Unemployment is recognised as one of the most challenging social problems currently facing Australia. In the last two decades and more recently with the global recession high levels of unemployment have become an established feature of the South Australian social and economic landscape, with young people aged 15 to 24 years among those hardest hit by unemployment. In the past quarter the unemployment rate in South Australia has remained steady at 5.6% (Australian Bureau of Statistics, 2009) but this figure is volatile and may increase next month. The youth unemployment rate, however, in South Australia remains at 21.9% with the Western and Northern suburbs having significantly higher rates of 31.6% ( Workforce Information Service).
People of all ages are affected by unemployment but young people aged 15 to 24 years are affected disproportionately. Youth unemployment in South Australia is commensurate to the national average of 26.3%. The youth unemployment rate is now the highest it has been since November 2001(ABS, 2009).Given South Australia’s low population growth and economic growth rates, high youth unemployment rates are likely to continue (Hugo, 1999).
The effects of unemployment on health and well-being have been studied in detail since the rise of unemployment in the late 1970s. This has resulted in a substantial body of research concerning the health effects of unemployment- research that shows a strong association between unemployment and ill health. There have been specific studies on the effects of unemployment on women, adult men, indigenous Australians and immigrants but my interest has focussed on the effects on unemployment and young people given that employment plays a pivotal role in helping young people to negotiate the transitional period between the child and adulthood, as it is a key factor in healthy identity development (Erikson, 1968). Despite this acknowledgement and research there are very few intervention programs addressing the health issues associated with unemployment.
This literature review will outline the nature of the health problems associated with youth unemployment, the key ‘moderating’ factors that assist, the small number of intervention programs in this area and the need to develop a coordinated policy framework to address this complex social health issue.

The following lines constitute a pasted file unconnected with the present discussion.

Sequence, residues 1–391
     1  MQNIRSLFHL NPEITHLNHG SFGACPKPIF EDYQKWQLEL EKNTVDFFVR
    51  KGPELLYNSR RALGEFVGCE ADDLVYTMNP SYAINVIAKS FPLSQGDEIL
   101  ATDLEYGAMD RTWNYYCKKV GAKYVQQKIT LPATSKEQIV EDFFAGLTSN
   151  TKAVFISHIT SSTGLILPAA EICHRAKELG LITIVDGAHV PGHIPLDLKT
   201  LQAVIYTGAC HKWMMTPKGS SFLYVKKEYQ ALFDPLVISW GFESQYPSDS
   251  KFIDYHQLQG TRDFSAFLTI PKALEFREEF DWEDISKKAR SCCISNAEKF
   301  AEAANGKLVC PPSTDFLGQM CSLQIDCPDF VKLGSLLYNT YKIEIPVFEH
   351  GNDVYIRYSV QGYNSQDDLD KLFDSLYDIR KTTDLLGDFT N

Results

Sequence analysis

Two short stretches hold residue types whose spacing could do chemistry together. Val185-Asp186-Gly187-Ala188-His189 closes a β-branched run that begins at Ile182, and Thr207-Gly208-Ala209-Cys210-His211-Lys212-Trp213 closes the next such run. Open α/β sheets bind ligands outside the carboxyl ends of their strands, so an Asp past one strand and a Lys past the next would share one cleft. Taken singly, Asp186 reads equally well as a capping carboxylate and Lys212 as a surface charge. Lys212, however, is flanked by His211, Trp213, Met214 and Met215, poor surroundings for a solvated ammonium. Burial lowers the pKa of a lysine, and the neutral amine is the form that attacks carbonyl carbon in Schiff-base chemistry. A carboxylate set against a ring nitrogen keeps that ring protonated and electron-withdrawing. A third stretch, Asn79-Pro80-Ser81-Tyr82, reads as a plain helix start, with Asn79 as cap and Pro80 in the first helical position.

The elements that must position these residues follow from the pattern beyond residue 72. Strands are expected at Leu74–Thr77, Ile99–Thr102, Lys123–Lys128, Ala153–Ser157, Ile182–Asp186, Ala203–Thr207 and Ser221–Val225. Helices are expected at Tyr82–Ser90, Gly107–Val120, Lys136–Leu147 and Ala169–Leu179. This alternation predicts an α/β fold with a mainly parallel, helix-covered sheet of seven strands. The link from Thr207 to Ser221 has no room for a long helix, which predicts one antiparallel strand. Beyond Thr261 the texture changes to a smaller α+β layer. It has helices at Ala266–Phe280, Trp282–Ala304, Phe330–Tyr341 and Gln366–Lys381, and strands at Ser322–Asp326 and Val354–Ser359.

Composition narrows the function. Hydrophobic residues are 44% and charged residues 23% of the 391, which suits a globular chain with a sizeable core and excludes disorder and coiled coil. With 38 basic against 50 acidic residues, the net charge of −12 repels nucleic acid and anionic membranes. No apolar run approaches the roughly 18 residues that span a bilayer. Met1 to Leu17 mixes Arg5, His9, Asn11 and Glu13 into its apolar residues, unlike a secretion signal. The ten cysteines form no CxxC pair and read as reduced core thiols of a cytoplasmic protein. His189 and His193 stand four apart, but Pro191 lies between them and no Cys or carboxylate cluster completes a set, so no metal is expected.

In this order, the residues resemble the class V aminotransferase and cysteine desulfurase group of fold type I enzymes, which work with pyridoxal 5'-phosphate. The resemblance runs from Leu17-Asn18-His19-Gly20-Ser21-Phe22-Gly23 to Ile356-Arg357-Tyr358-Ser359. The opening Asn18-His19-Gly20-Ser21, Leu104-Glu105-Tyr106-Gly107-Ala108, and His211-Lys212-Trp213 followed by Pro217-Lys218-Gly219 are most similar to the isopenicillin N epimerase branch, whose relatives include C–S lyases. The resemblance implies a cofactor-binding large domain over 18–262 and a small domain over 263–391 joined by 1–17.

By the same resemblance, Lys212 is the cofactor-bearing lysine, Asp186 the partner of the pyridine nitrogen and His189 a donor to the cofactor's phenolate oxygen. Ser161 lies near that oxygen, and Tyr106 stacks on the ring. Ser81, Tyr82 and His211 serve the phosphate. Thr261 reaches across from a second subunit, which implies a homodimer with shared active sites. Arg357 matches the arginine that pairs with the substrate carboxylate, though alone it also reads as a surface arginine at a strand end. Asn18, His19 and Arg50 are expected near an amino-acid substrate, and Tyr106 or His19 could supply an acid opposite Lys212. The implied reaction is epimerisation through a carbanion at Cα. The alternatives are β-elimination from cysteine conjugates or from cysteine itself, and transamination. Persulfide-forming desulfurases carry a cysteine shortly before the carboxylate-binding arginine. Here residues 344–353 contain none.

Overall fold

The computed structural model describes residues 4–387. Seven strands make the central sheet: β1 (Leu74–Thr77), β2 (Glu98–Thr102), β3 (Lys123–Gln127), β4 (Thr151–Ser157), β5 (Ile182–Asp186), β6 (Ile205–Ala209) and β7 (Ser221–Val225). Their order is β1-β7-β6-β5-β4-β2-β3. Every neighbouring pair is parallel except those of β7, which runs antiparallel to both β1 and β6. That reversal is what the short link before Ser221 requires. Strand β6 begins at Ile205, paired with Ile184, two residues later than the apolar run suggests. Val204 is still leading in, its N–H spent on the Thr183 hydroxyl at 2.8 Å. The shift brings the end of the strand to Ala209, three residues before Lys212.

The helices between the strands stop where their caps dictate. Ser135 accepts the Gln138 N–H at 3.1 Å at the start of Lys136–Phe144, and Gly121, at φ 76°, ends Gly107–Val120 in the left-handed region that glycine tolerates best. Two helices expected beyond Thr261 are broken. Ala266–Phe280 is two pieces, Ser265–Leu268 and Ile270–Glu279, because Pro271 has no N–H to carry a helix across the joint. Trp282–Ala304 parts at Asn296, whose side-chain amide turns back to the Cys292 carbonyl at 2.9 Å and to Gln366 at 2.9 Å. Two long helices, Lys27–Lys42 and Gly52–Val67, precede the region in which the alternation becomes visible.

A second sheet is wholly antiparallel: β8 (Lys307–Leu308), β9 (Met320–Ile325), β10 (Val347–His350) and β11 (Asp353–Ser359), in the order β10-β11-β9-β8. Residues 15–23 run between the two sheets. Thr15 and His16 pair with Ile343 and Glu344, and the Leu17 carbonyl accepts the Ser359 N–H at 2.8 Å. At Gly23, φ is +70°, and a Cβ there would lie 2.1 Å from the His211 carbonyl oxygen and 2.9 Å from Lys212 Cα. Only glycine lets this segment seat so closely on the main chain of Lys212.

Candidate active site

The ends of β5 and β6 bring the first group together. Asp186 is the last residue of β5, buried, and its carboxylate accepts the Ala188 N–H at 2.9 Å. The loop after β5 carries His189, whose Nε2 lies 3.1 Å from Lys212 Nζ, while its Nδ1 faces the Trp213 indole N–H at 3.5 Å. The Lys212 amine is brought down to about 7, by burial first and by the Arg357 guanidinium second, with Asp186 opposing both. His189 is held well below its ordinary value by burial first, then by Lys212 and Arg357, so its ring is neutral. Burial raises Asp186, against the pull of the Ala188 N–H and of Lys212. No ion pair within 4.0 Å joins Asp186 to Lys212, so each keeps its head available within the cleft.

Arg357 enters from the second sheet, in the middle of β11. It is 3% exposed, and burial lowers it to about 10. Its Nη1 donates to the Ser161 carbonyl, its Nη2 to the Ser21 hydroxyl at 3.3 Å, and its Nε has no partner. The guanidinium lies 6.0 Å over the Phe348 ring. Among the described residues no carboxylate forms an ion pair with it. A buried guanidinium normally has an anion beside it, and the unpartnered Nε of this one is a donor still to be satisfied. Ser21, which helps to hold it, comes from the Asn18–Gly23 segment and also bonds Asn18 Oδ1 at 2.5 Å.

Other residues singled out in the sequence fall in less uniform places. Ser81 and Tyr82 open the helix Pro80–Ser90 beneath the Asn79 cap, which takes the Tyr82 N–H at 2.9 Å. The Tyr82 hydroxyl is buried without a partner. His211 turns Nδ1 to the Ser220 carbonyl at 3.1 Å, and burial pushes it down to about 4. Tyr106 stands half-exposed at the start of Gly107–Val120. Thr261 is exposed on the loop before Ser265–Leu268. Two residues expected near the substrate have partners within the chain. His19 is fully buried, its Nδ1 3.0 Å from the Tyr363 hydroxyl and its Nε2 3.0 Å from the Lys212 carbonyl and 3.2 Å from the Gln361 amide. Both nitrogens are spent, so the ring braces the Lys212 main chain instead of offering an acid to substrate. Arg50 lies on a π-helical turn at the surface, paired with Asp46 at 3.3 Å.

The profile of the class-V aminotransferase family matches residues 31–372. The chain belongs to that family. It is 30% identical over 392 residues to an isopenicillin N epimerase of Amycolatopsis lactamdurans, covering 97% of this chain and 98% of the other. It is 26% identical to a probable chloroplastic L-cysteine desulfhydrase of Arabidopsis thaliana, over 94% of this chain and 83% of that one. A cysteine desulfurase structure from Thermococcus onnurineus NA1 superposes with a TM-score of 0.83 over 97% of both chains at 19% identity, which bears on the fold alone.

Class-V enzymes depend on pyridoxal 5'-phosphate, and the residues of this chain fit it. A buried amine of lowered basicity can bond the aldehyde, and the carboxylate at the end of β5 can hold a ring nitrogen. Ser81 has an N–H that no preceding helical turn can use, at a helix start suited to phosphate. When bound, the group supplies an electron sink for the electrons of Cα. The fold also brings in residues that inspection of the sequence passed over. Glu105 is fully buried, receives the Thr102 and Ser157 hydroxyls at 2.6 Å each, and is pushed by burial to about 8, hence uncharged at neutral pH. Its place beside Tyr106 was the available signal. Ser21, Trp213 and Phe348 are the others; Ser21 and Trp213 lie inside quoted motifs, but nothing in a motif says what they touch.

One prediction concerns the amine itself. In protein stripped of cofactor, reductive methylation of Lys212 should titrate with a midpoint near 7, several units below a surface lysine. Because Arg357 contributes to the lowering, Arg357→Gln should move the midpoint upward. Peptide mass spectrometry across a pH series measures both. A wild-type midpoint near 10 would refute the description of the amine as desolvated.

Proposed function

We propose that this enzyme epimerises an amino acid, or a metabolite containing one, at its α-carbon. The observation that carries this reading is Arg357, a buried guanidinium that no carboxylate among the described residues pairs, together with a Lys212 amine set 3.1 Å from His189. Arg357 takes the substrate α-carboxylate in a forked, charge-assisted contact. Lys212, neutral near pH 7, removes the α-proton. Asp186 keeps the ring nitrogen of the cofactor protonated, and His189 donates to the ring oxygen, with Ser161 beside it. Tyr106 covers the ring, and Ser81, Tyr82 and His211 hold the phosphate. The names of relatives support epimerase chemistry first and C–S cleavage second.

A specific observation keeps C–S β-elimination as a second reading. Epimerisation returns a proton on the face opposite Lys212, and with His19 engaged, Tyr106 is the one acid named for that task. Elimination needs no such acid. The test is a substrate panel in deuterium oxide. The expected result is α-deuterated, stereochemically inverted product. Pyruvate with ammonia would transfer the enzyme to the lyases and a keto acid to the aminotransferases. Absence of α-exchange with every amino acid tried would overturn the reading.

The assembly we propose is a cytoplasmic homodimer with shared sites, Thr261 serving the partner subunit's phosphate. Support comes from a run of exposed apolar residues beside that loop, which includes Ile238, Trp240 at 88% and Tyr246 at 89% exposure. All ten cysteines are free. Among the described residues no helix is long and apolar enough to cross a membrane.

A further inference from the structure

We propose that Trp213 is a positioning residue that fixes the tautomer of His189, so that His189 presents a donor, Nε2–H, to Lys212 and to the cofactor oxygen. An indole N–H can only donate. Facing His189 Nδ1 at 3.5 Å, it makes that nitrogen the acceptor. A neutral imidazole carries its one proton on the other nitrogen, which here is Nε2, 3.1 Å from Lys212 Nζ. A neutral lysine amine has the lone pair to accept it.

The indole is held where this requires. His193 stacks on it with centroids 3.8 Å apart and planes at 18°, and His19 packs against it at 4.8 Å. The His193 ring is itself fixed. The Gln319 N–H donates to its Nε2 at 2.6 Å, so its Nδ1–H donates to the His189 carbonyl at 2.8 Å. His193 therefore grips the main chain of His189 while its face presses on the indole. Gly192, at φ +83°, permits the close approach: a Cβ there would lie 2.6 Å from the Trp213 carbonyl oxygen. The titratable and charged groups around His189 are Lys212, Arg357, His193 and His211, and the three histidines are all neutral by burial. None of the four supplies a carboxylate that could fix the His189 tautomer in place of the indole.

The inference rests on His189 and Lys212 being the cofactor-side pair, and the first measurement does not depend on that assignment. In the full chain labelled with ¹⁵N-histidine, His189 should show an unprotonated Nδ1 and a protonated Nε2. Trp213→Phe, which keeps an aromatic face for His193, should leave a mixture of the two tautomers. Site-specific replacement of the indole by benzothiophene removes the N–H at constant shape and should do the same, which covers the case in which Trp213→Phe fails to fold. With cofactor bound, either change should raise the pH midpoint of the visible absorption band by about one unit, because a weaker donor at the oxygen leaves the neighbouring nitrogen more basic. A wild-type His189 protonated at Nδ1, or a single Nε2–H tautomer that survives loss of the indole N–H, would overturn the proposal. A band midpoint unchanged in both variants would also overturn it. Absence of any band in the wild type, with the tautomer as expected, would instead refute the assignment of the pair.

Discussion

Keywords such as ‘unemployment and youth’, ‘youth unemployment and health effects’ were initially used and databases including Informit, Proquest, Expanded Academic ASAP, Journals@Ovid, Web of Science and Web of Knowledge were accessed. The Australian Bureau of Statistics database was used to obtain current figures on unemployment. Additional keywords such as ‘youth unemployment and public health policies’, ‘youth unemployment and health promotion, ‘youth unemployment and programs and interventions’ were also used. Journals including Social Science and Medicine, Medical Journal of Australia, Youth Studies and Australian Journal of Social Issues were accessed. In the initial search titles of books, not journals, appeared so a more specific search was required to access journal articles. Many of the articles, however, are more than 5 years old.The searches were supplemented by references in key publications. The main themes seem to that being unemployed has deleterious health consequences but that having meaningful activities and social support can decrease the harmful effects.
The Absence of employment
Being employed has financial benefits that are unattainable to the unemployed. Without sufficient income many young people are unable to live independently and support themselves adequately. As well as meeting basic material needs, employment offers many non-financial benefits. Having a job provides the individual with a sense of identity, a valued social role and a sense that they are part of society because they are contributing towards the ‘common...